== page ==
Share Premium Account


DEFINITION of 'Share Premium Account'

Usually found on the balance sheet, this is the account to which the amount of money paid (or promised to be paid) by a shareholder for a share is credited to, only if the shareholder paid more than the cost of the share.


Loading the player...

BREAKING DOWN 'Share Premium Account'

The share premium account may be used to issue bonus shares, write-off equity related expenses like underwriting costs, etc.

  1. Balance Sheet

    A financial statement that summarizes a company's assets, liabilities ...
  2. Premium

    1. The total cost of an option. 2. The difference between the ...

    A unit of ownership interest in a corporation or financial asset. ...
  4. Adjusted Gross Income - AGI

    A measure of income calculated from your gross income and used ...
  5. Audit

    An unbiased examination and evaluation of the financial statements ...
  6. EBITA

    Earnings before interest, taxes and amortization. To calculate ...
Related Articles
  1. Economics

    What is a Share Premium Account?

    The share premium account is an equity account found on a company’s balance sheet.
  2. Active Trading

    An Introduction To Depreciation

    Companies make choices and assumptions in calculating depreciation, and you need to know how these affect the bottom line.
  3. Markets

    Operating Cash Flow: Better Than Net Income?

    Differences between accrual accounting and cash flows show why net income is easier to manipulate.
  4. Investing Basics

    The Best Litmus Test Of A Company's Risk? The Acid Test

    The acid test measures a company’s short-term liquidity.
  5. Investing Basics

    How To Efficiently Read An Annual Report

    Annual reports are clearly prepared without any intent to deceive or mislead investors. Still, investors should read them with a dose of skepticism.
  6. Investing Basics

    Understanding Liquidity Risk

    Learn about the two types of liquidity risk: funding liquidity risk and market liquidity risk.
  7. Investing Basics

    Explaining Financial Statement Analysis

    Financial statement analysis is the process of reviewing a company’s statements to gain an understanding of its financial health.
  8. Investing Basics

    How Financial Statements Are Manipulated

    Financial statement manipulation is an ongoing problem, and investors who buy stocks or bonds should be aware of its signs and implications.
  9. Investing Basics

    How To Decode A Company’s Earnings Reports

    Earnings reports tell investors how a publicly-traded company is performing, but aren’t always easy to decipher.
  10. Fundamental Analysis

    Advantages of Maintaining Low Working Capital

    Understand the benefits and advantages of maintaining low working capital as related to liquidity needs, capital allocation and operational efficiency.
  1. What are the IRS regulations regarding a share premium account?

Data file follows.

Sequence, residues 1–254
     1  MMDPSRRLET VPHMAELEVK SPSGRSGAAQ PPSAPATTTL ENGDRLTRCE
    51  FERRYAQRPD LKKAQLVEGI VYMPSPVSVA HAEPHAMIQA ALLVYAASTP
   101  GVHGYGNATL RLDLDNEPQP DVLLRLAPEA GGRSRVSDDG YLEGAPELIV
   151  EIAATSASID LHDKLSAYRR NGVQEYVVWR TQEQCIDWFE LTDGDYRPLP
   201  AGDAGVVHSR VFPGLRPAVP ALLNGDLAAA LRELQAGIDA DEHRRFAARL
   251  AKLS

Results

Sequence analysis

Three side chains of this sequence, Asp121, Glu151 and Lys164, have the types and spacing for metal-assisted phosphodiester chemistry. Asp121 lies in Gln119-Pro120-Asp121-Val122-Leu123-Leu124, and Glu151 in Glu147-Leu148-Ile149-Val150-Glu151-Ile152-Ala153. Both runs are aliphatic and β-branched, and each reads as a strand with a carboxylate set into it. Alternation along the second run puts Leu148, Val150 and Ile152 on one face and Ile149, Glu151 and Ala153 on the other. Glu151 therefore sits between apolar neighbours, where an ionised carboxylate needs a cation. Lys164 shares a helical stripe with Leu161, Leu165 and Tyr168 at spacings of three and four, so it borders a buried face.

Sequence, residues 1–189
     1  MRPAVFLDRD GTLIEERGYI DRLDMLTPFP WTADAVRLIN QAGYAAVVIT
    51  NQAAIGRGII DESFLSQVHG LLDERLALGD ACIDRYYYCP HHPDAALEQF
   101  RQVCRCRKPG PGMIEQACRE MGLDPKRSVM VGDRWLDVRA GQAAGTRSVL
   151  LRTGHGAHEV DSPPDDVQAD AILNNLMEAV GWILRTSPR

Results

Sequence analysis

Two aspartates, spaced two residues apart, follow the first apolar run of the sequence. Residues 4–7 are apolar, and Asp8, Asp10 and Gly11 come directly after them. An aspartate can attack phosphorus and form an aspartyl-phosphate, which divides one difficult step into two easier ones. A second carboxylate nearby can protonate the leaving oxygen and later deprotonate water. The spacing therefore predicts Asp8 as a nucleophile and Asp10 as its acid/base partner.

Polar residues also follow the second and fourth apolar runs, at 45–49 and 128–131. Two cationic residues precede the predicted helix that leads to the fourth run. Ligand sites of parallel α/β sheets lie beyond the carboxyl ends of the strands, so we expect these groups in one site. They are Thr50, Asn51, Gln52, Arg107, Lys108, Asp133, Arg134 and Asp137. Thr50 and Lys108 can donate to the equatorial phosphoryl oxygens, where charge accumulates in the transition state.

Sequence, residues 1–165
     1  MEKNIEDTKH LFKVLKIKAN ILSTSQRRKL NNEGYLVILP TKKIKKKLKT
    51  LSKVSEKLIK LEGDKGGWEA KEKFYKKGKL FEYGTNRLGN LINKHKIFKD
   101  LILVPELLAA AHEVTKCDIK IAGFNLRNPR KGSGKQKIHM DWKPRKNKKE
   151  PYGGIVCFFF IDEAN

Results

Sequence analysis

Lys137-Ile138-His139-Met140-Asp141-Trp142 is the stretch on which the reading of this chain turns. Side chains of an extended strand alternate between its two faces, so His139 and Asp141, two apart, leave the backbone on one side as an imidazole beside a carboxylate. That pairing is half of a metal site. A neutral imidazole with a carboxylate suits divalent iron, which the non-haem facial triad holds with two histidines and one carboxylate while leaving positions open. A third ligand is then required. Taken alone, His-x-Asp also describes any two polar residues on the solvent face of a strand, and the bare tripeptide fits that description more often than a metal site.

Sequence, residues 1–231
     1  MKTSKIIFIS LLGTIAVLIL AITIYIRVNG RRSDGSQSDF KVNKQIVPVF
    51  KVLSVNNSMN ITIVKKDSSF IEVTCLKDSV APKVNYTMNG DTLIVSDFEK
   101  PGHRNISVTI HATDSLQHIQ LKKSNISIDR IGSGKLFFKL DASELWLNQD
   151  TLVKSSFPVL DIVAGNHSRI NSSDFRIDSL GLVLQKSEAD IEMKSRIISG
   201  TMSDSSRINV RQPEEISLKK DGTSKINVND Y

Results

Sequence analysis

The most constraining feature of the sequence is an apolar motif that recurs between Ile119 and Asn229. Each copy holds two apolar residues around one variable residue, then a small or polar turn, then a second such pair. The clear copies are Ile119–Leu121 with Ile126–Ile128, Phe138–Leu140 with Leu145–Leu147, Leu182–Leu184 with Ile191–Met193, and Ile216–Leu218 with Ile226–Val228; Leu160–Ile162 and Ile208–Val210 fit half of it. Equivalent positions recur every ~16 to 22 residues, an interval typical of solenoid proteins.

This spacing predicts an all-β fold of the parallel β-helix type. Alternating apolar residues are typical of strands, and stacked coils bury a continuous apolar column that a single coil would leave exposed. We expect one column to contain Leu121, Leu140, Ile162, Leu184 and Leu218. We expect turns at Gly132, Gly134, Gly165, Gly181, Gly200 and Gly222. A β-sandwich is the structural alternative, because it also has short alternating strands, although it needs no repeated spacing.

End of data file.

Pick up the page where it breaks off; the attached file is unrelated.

A company's share premium account – also known as the capital surplus or additional paid-in capital – is more regulated by ... Read Full Answer >>
  2. How can an investor determine a company's annual return from looking at its financial ...

    The funds in a share premium account cannot be used for a company's general expenses. These funds are restricted in terms ... Read Full Answer >>
  3. What sectors are best for an investor seeking a high annual return?

    A company receives a share premium whenever it receives money in excess of the face value (par value) of its shares. Corporations ... Read Full Answer >>
  4. How does a share premium account appear on a balance sheet?

    A share premium account shows up in the shareholders’ equity portion of the balance sheet. The share premium account represents ... Read Full Answer >>
  5. Can working capital be depreciated?

    Working capital as current assets cannot be depreciated the way long-term, fixed assets are. In accounting, depreciation ... Read Full Answer >>
  6. What does high working capital say about a company's financial prospects?

    If a company has high working capital, it has more than enough liquid funds to meet its short-term obligations. Working capital, ... Read Full Answer >>

You May Also Like

Hot Definitions
  1. Barefoot Pilgrim

    A slang term for an unsophisticated investor who loses all of his or her wealth by trading equities in the stock market. ...
  2. Quick Ratio

    The quick ratio is an indicator of a company’s short-term liquidity. The quick ratio measures a company’s ability to meet ...
  3. Black Tuesday

    October 29, 1929, when the DJIA fell 12% - one of the largest one-day drops in stock market history. More than 16 million ...
  4. Black Monday

    October 19, 1987, when the Dow Jones Industrial Average (DJIA) lost almost 22% in a single day. That event marked the beginning ...
  5. Monetary Policy

    Monetary policy is the actions of a central bank, currency board or other regulatory committee that determine the size and ...
  6. Indemnity

    Indemnity is compensation for damages or loss. Indemnity in the legal sense may also refer to an exemption from liability ...
Trading Center